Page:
HP5 at ISO1600

Discussion in 'B&W: Film, Paper, Chemistry' started by RattyMouse, Mar 8, 2014.

  1. RattyMouse

    RattyMouse Subscriber

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    I have often read that HP5 pushes nicely to ISO1600 so I thought that I'd give it a try. I bought a brick of HP5 and had a roll in my camera for experimenting. Last night while out walking, I shot about 6 shots or so in very low light. Sadly, I can't recall the shutter speeds needed but they were 1/30th at least if not a bit faster. My lens is f/3.5. Then today, I shot the last 4 images on that roll in much higher light, but still somewhat low as they were indoor shots.

    Then, I souped up the roll in HC-110 @ 20 C, dilution B, for 11 minutes.

    The film is hanging in my shower now and looking at the negatives I see many frames with virtually nothing in them. There is a bit of the subject, but huge swaths of empty negative, clear as day. It's too early to make any firm conclusion until I get the scans back but my initial impression is that this experiment did not work. If the scans look as bad as the negatives, then it would seem to me that I cannot use HP5 at ISO1600 in low light.

    Perhaps I was not paying attention. Would pushing HP5 to ISO1600 be for higher shutter speeds in moderate light? Is that what most people are doing when they push this film?

    Oh by the way, the last 4 shots on the roll came out excellent. These shots were the ones done today in-doors in much better light. So I am confident that my developing was fine.

    Thanks for any feedback!
     
  2. pdeeh

    pdeeh Member

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    It sounds like a case of gross underexposure.

    How did you meter ?
     
  3. RattyMouse

    RattyMouse Subscriber

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    I metered in camera, with my Fujifilm GF670, a pretty reliable meter.
     
  4. geostog

    geostog Member

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    I will also have to say that it is probably underexposure.

    I've pushed HP5 to 3200 and got some usable results ranging from a bit underexposed to some very satisfying negatives. I used a fast lenses 50-1.4 and 135-2.8 wide open. I could go handheld at about 1-15 for the 50mm and about 1/60 for the 135mm. I was photographing some street theater performers and some of the audience. In most cases the lighting was just the light from the street lights, those were a bit underexposed. But when there were some strong lights or for some indoors shots with average light, the negatives where magnificent.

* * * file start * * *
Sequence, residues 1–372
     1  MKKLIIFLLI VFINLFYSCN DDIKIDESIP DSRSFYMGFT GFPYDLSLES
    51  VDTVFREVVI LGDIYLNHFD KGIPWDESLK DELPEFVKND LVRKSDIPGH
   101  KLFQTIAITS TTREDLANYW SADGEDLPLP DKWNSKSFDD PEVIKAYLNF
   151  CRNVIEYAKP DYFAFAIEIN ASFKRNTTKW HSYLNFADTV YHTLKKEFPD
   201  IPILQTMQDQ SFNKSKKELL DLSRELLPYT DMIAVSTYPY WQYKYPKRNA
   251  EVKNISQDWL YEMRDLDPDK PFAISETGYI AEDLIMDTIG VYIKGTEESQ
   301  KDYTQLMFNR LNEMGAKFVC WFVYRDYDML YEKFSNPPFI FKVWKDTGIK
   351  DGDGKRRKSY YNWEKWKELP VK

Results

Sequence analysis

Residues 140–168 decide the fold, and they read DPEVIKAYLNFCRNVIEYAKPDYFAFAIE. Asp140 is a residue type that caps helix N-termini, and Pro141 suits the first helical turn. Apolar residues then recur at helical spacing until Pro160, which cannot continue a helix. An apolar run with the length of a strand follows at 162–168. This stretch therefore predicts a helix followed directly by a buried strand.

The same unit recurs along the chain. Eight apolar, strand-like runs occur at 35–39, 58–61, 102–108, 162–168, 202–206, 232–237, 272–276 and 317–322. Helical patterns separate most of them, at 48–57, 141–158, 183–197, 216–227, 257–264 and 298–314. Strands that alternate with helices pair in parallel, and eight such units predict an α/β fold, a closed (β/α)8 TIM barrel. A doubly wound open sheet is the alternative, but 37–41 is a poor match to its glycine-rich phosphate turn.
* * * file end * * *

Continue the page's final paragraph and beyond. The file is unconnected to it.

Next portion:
I low light I use the slowest shutter speed I can go handheld and my lens wide open. Then with a general metering rule (http://www.fredparker.com/ultexp1.htm#Light Intensity Chart) I get the ISO I have to push.
     
  5. RattyMouse

    RattyMouse Subscriber

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    I guess I need to understand why my meter is failing me now.

    Thanks everyone.
     
  6. Athiril

    Athiril Subscriber

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    Compare your Fuji meter in the same conditions to a digital camera, point it against a flat object, like a piece of paper.
     
  7. Xmas

    Xmas Member

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    You need to bracket...

    You need to understand how your meter averages a high contrast scean, if your night environment was high contrast.

    You may need a heavy tripod and long exposures.

    Uprating film only moves the toe a small amount it also makes a print more difficult unless the shadows can be dark...

    It is not like digital increasing ISO.
     
  8. ann

    ann Subscriber

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    Another thought, rule of thumb 25% more development for each stop, 11 minutes wasn't long enough
     
  9. Bundesphotograph

    Bundesphotograph Member

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    The Ilford HP5 data sheets says 14 min with Ilfotec HC (same as HC 110) dil.B at 1600 ASA.
    4 agitations per minute.

    Cheers
    Wolfgang
     
  10. markbarendt

    markbarendt Subscriber

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    The meter is most likely not failing you. More likely this is just a learning opportunity.

    Is this the camera you just bought a few weeks ago?

    Look at each shot and think about exactly where in the scene you metered (how bright was that spot?) and how far you were from the scene (what were all the subjects that were in the angle of view that the meter saw?).

    It uses a center weighted meter and it may simply be that the meter saw fairly bright subjects where you pointed it.

    Back when I was using cameras with center weighted meters I had to learn what it saw by trial and error then remember to point it appropriately when metering. That's not as tough as it sounds.
     
  11. pdeeh

    pdeeh Member

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    it also says 11m for HC110 Dil B @ 1600, which is what the OP used.

    Ilfotec HC & HC110 are better described as "equivalent" rather than "the same as".

    They are not the same developer
     
  12. momus

    momus Member

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    If it was very low light, then 1/30 w/ a 3.5 lens sounds way too high, even considering a 1600 ISO setting. Your meter may not be that accurate in very low light.
     
  13. RattyMouse

    RattyMouse Subscriber

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    Thank you. I will bracket next time, to the extent that shutter speed allows. Great idea.
     
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  15. RattyMouse

    RattyMouse Subscriber

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    Yep. I need to learn. Correct, this is a new camera.